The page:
Finally, we grabbed our bags and headed for the airport. On the first leg of our trip, we took Aircoach to and from the airport. Although a bit pricey (I think it was €24 for round trip for both of us), the bus is a nice Greyhound-style bus and your luggage is stored underneath the bus in the luggage compartment. On this leg of the trip, we decided to check out the slightly cheaper option (€20 for round trip for both of us) called Airlink. As it turns out, Airlink is basically a normal double-decker citybus that happens to run between the city center and the airport. There’s a luggage rack inside the bus, but its relatively cumbersome compared to the Aircoach. On the other hand, you can sit on the second level and actually get a pretty decent view of Dublin and the countryside between the airport and the city.
|Ireland Airport Transport Options!|
Our flight from Dublin to Boston left at 4:15 PM (local time). We had planned to leave our hotel at 1:30 PM, hopefully getting to the airport somewhere in the neighborhood of 2 PM. We ended up leaving our hotel closer to 1:45 PM, but it seemed like we would still be okay. From here, the story becomes speculative – we weren’t watching the time (perhaps for the better). I think we got to the bus stop around 2 PM. It must have just left, since the next bus was 17 minutes away, according to the board. (Lindsay actually ducked into a store and bought some Irish trinkets.) When it came on schedule, we boarded the Airlink. However, the Airlink makes quite a few stops on the way – more than our friend Aircoach – so we didn’t arrive at the airport until about 3 PM. Lindsay was able to “self check-in” and print her boarding pass, but mine wouldn’t go through. As a result, I had to go to the “full service” line whereas Lindsay went to the “bag drop” line. It was at this point when I started watching the clock, since I remembered in the back of my head somewhere that bags had to be checked 60 minutes before a flight in order to get on the plane. By the time I made it to the front of the line, it was 3:10 PM. “Just in time,” I said smugly to myself. The guy behind the counter looked at my ticket and said, “You are really late. You were due at the airport an hour and a half ago!” Whoops. Since this airport had WIFI, I was able to text Lindsay, “Just go to your plane. We are cutting it really close.” I assumed that she had already dropped off her bag, since she was in the ‘bag drop’ line (aka fast lane). At 3:15 PM, I got the reply: “I’m still in line.” and “Lots in front of me ….” followed quickly by “Go through [and] buy me chocolate.” (Lindsay had been unable to locate her favorite brand of Cadbury, so we were going to get it at the airport. Gotta have your priorities!) I responded with “lol. Priorities. Baggage has to be checked 60m ahead…” At this point, Lindsay got worried and started to ask people if she could skip ahead of them.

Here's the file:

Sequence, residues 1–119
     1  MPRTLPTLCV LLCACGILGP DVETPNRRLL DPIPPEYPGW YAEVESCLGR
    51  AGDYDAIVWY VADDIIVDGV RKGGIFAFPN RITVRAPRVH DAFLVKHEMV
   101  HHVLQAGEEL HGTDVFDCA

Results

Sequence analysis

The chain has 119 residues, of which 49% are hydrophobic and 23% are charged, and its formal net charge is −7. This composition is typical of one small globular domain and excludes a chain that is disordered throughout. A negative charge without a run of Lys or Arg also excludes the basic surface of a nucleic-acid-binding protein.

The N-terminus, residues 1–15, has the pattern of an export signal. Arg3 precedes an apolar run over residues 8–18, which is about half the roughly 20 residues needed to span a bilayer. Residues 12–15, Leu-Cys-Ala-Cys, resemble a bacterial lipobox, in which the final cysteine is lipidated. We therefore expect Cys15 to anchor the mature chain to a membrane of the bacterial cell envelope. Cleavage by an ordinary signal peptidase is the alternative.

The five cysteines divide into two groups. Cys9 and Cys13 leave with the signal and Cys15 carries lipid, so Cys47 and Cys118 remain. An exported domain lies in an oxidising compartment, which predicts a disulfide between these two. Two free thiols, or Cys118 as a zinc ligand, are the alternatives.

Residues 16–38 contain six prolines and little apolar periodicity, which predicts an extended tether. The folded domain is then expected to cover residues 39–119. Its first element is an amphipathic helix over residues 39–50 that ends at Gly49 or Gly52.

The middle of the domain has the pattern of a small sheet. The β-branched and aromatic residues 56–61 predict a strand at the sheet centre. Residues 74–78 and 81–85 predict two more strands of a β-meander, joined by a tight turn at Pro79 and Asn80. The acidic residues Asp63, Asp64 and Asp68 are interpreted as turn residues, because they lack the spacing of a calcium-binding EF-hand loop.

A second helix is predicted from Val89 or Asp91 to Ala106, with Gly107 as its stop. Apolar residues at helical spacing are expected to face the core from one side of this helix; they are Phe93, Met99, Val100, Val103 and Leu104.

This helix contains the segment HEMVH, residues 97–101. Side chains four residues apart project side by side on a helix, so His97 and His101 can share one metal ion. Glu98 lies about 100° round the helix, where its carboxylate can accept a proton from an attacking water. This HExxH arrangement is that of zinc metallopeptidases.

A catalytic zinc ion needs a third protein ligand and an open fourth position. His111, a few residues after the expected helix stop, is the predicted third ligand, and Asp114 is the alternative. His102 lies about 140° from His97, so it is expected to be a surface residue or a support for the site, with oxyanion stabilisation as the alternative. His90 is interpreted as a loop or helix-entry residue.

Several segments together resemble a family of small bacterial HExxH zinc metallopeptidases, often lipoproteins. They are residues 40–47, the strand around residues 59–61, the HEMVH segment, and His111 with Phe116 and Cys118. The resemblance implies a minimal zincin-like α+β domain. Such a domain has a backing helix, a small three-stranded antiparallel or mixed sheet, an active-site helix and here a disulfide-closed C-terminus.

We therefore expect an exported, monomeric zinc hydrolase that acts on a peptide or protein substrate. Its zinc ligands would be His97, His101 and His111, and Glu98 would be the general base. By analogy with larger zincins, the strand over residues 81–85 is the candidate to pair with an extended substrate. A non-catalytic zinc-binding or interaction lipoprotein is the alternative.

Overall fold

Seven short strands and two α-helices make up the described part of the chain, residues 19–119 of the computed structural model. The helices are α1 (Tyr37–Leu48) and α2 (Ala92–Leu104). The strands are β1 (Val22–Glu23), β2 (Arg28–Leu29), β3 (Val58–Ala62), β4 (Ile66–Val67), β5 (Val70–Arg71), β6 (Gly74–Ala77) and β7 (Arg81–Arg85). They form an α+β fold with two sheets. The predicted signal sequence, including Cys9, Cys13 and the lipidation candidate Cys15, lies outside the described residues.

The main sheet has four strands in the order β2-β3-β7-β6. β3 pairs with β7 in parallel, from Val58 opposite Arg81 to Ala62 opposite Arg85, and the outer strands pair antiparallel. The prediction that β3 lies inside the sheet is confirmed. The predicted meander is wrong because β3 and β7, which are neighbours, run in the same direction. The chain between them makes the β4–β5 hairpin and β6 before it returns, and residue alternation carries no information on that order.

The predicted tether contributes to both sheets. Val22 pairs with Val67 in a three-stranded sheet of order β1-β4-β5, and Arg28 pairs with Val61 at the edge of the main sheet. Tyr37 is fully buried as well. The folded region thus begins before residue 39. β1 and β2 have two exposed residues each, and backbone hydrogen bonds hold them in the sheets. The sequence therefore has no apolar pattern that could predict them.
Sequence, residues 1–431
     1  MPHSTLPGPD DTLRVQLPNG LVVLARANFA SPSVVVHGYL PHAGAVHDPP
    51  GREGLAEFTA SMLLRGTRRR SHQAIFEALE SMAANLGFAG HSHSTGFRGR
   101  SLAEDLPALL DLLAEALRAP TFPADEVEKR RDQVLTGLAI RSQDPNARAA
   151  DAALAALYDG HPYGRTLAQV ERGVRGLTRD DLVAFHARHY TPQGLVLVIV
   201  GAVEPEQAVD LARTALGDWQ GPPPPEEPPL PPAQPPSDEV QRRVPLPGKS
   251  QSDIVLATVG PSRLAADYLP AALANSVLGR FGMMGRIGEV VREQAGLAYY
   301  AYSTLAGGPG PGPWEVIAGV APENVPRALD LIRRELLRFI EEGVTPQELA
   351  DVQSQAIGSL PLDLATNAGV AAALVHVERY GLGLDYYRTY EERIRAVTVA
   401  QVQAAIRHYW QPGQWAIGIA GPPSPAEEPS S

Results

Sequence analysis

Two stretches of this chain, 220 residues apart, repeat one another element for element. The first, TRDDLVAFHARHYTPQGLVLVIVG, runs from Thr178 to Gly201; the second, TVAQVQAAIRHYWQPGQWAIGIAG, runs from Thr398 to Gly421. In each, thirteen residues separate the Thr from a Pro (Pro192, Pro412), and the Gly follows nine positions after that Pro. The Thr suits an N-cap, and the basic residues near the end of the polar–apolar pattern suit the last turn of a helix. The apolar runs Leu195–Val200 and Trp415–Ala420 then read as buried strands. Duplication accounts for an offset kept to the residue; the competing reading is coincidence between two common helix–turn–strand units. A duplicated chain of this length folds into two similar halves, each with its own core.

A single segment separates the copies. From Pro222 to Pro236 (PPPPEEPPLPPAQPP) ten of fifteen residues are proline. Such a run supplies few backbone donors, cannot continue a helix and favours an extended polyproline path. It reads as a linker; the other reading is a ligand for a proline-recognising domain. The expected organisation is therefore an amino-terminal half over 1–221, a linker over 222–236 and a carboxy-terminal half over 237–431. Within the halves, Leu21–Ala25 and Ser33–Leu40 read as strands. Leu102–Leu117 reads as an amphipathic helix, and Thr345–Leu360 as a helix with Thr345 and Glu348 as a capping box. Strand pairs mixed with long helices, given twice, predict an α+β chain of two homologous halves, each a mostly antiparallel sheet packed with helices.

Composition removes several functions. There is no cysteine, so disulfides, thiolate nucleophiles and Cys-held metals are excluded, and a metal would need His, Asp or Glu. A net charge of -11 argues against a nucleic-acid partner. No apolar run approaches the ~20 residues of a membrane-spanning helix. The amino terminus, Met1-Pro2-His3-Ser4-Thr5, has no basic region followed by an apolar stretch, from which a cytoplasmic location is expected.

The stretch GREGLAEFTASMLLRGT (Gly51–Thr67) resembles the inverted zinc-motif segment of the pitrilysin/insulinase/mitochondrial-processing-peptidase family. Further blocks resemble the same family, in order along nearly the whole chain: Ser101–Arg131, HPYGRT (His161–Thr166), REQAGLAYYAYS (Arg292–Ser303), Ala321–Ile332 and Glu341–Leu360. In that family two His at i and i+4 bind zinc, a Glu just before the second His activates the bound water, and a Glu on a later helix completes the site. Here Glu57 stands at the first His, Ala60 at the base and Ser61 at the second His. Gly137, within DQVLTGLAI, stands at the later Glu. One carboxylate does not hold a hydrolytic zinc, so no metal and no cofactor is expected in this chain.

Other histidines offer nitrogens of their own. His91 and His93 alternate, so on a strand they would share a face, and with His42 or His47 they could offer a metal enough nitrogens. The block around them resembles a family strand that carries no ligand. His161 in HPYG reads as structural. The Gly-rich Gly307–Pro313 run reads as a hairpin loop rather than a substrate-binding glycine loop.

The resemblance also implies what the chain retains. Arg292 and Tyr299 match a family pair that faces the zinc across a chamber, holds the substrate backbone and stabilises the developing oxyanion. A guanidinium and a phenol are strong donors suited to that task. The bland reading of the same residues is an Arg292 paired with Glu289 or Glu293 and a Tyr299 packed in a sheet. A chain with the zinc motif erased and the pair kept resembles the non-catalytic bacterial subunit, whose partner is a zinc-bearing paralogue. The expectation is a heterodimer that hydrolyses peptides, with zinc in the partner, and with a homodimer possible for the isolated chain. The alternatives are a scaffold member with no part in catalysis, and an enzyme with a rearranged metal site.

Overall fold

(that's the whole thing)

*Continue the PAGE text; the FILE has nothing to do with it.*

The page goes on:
|For posterity's sake. Go through and buy me chocolate!|
She eventually determined that there was a special lane for people running late. Although they normally wouldn’t check a bag that close to the flight, they let her check her bag since she was already in the line, then told her to book it through the “business class” lines until she made it onto the plane. Unbeknownst to us at this point, passengers at this airport on their way to the US have to go through regular security, then go through “US Preclearance” (aka Security Part 2), then go through Customs. While Lindsay was sprinting through the airport and hopping around business class passengers, I was waiting my time with the regular folks. Somewhere between Security and Preclearance, she passed me up. We still aren’t sure on the particulars, but we think she may have ran past me while I was filling out the customs card – there is a little area for you to do so right before the preclearance area. Either way, I texted her to let her know that I had filled out a card for the both of us and was waiting for her at preclearance. After I waited around for 2 minutes (getting anxious), I decided to get in line. I looked ahead of me (behind the glass), and there she was! Although I was selected for additional screening (aka gratuitous shoe and baggage swabbing), we were able to make it through customs by about 4 PM. Luckily, our gate was about 15 feet past the customs booth, and we made it on the flight with 10 minutes to spare.
Plenty of time!
The rest of the story is fairly mundane. The flight itself was pleasant, the ‘airplane food’ beef stew was actually pretty good, and our car was still in the lot when we got home. It was a great trip, maybe the best trip so far.